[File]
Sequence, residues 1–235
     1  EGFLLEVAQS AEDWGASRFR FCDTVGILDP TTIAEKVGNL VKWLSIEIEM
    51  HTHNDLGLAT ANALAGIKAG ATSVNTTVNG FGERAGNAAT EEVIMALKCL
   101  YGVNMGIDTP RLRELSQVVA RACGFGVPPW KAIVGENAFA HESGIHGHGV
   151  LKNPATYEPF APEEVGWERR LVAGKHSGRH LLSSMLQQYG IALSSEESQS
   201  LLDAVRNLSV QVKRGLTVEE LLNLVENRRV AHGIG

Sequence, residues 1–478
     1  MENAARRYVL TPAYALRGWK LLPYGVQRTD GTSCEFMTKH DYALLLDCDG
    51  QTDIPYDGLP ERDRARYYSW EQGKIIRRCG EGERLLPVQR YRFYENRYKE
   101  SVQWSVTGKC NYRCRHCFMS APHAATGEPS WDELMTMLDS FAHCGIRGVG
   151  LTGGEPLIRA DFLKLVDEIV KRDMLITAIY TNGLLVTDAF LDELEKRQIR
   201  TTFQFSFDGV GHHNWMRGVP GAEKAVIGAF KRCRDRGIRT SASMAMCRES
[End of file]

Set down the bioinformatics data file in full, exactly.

Sequence, residues 1–235
     1  EGFLLEVAQS AEDWGASRFR FCDTVGILDP TTIAEKVGNL VKWLSIEIEM
    51  HTHNDLGLAT ANALAGIKAG ATSVNTTVNG FGERAGNAAT EEVIMALKCL
   101  YGVNMGIDTP RLRELSQVVA RACGFGVPPW KAIVGENAFA HESGIHGHGV
   151  LKNPATYEPF APEEVGWERR LVAGKHSGRH LLSSMLQQYG IALSSEESQS
   201  LLDAVRNLSV QVKRGLTVEE LLNLVENRRV AHGIG

Sequence, residues 1–478
     1  MENAARRYVL TPAYALRGWK LLPYGVQRTD GTSCEFMTKH DYALLLDCDG
    51  QTDIPYDGLP ERDRARYYSW EQGKIIRRCG EGERLLPVQR YRFYENRYKE
   101  SVQWSVTGKC NYRCRHCFMS APHAATGEPS WDELMTMLDS FAHCGIRGVG
   151  LTGGEPLIRA DFLKLVDEIV KRDMLITAIY TNGLLVTDAF LDELEKRQIR
   201  TTFQFSFDGV GHHNWMRGVP GAEKAVIGAF KRCRDRGIRT SASMAMCRES